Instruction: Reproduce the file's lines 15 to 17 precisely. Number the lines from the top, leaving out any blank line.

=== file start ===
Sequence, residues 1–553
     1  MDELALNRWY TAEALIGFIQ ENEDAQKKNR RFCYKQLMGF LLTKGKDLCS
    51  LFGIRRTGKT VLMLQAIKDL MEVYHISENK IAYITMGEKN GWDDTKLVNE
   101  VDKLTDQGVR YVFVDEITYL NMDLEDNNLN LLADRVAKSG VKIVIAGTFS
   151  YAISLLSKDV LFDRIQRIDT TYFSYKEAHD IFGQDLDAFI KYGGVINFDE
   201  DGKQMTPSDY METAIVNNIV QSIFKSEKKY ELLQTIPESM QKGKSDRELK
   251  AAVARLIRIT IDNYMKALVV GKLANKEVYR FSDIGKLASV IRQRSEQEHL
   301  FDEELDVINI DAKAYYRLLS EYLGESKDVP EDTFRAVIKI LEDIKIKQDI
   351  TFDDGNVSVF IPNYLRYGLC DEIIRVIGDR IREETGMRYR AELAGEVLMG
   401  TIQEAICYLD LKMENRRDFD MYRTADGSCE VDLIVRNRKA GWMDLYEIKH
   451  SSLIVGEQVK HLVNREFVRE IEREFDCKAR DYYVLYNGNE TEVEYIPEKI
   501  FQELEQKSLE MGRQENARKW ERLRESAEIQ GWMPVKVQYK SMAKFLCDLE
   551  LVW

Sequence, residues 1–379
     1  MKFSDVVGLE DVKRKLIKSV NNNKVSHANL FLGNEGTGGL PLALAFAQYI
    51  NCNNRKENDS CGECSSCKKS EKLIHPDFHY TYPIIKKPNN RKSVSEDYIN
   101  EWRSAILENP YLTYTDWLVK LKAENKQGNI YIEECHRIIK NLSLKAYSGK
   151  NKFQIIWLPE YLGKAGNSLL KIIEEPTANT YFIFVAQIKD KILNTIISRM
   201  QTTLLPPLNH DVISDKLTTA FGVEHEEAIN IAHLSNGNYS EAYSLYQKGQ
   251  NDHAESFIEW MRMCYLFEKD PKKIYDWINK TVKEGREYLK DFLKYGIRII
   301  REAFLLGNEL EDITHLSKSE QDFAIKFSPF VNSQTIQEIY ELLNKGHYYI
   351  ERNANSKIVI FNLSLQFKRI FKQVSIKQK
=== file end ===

     1  MKFSDVVGLE DVKRKLIKSV NNNKVSHANL FLGNEGTGGL PLALAFAQYI
    51  NCNNRKENDS CGECSSCKKS EKLIHPDFHY TYPIIKKPNN RKSVSEDYIN
   101  EWRSAILENP YLTYTDWLVK LKAENKQGNI YIEECHRIIK NLSLKAYSGK